He cites academic research: “Every third game, you have one big error from the referee: red card, goal given, mistaken identity and offside. In these four activities, VAR reacts.”

Fans complain about the long interruptions while referees study videos. He challenges me: “How much time do we lose on throw-ins?” Well?

He recites the numbers: “Seven minutes and a half. Ten minutes for free-kicks. Four and a half for corners, five for goal-kicks. So should we not check maybe a super-wrong, super-delicate, tremendously difficult decision from the referee? I believe that people questioning the VAR implementation are not normal people, or they don’t want to admit that they don’t want anything new.” He reckons VAR can reduce major refereeing errors about tenfold.

In 2019, he left Fifa to work for Milan, reuniting with his “fraternal friend” and former teammate Paolo Maldini. He lasted nine months, sacked by Milan’s American owners after a power struggle. This April, Milan was one of the 12 clubs behind the Super League. Boban snorts: “It was a poor business, and greed. I knew it would never happen. Because people from football will not allow it. I have to praise the England football environment. It was crazy how people there reacted, from premier [Boris] Johnson to the last — or to the first — fan. That gave hope to football’s future.”

He thinks the Super League’s failure will reset football’s power balance. Uefa, he admits, had long given big clubs too much leeway, hoping to deter a breakaway. Now, he says, “we shouldn’t humiliate people if they made errors, but they have to understand their errors”.

He expresses gratitude to Uefa’s Slovenian president Aleksander Ceferin for giving him his new role. Ex-Yugoslav networks remain tight, Boban acknowledges.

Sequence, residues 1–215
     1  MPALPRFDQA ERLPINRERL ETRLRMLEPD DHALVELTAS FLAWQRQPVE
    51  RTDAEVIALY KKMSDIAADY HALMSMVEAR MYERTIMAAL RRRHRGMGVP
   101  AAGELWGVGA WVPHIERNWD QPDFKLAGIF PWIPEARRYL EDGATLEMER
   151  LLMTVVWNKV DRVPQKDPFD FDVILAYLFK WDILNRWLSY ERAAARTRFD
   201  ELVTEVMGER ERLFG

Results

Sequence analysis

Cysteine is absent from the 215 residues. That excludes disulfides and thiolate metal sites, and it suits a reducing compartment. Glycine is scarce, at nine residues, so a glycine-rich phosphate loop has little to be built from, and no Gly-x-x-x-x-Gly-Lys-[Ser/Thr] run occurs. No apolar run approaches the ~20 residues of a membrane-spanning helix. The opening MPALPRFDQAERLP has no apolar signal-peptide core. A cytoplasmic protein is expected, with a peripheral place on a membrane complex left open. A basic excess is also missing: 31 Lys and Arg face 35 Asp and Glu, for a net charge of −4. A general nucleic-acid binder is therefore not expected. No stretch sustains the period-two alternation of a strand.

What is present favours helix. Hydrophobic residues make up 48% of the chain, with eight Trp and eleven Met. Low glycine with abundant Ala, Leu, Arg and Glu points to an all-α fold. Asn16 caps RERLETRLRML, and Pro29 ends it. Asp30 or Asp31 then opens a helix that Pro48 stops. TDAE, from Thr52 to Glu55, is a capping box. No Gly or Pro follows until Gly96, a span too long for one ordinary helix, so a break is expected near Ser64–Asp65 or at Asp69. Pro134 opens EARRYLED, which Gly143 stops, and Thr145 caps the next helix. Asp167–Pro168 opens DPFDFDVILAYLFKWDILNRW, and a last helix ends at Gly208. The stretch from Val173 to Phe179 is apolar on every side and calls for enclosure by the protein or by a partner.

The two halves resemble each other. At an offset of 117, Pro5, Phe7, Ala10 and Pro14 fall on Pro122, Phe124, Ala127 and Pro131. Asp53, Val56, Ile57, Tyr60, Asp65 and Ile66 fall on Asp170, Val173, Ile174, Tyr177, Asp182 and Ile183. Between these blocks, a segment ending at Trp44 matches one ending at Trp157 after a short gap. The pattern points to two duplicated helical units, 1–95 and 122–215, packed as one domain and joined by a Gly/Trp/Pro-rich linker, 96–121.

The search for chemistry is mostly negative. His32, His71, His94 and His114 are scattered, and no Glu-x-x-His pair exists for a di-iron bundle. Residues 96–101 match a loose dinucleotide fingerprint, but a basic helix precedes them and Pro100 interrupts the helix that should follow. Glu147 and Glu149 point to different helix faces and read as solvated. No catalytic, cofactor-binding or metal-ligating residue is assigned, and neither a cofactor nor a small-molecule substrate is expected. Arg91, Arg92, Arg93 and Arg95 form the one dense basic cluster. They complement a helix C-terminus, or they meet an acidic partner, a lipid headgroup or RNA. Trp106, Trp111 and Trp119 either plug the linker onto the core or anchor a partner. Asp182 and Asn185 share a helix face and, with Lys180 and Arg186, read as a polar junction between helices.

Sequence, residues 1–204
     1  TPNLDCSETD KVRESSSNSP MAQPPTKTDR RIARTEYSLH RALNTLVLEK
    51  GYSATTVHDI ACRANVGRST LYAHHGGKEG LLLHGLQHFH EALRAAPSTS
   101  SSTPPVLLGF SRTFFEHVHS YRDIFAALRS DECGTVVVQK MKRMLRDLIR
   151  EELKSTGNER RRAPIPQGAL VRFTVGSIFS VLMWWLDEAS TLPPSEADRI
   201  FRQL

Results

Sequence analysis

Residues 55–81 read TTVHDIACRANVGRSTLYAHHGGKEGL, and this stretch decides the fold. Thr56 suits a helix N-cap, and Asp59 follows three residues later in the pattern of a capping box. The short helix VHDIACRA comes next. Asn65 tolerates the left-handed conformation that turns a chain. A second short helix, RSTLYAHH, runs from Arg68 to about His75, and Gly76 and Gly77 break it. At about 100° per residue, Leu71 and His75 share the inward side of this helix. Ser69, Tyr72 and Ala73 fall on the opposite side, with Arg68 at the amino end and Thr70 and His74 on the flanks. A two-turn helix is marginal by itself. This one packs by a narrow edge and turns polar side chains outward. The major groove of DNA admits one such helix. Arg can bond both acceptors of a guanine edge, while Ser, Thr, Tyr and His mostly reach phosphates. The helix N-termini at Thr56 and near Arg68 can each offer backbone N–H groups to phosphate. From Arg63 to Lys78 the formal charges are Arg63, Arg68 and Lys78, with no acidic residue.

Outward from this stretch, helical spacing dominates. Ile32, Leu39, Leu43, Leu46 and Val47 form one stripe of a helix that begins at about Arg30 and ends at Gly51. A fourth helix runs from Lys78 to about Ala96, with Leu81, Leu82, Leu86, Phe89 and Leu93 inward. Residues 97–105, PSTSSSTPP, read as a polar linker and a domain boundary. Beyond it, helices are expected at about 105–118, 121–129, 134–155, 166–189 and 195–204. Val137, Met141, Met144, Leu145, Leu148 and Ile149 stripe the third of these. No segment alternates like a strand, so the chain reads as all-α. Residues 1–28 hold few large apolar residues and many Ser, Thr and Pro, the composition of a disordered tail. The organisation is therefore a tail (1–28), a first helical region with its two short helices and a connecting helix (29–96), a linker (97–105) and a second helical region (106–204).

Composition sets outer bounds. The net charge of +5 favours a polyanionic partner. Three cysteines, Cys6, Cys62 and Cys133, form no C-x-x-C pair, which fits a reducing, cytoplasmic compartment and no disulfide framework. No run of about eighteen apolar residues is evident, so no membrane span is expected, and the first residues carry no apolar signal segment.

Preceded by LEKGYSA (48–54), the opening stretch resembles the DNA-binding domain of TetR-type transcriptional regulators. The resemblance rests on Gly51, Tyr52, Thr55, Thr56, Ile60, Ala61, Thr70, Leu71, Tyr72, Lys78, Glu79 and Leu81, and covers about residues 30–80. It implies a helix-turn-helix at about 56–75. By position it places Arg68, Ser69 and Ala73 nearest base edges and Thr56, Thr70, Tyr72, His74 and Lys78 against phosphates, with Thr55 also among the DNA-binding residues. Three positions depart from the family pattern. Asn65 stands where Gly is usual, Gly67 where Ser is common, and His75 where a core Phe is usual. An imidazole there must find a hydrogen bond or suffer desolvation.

Boban is relishing Euro 2020, especially the England-Croatia match. “Croatia have more experience, but England team are faster, and physically stronger,” he says, singling out Marcus Rashford as one to watch. There is even some tactical advice for England manager Gareth Southgate: “He has to play four behind [ie four defenders] — then they can be dangerous for everyone. This is in their nature. Three at the back, it doesn’t work for English players.”


When I start thanking him for our two-hour lunch, he interrupts. There’s one more thing he needs to tell me. When former players gather, he says, one subject always comes up: “Who are the best players in history? I believe we can put four: Pelé, Maradona, Messi and Ronaldo ‘Fenômeno’ [the Brazilian Ronaldo, not the Portuguese one]. Brazilians and Argentinians felt the ball more than others. But one is the greatest. It’s Maradona. You know why? If Ronaldo, Pelé and Messi were touching the soul of the ball, we’ve been feeling the leather of the ball, but Maradona took the soul from the ball.” He laughs with delight.

“His free kick for Napoli against Juventus is the best goal in the history. How he kicked the ball, nobody will understand it, never. When we saw that goal, we tried it and we started to laugh.”

Messi could have scored it, I say. Messi can do anything.

“He can’t. I’m not saying he’s worse than Maradona. For me they are more or less the same. But for the story of how Maradona lived, and for this goal — his feel for the ball was superior.”

Simon Kuper is an FT columnist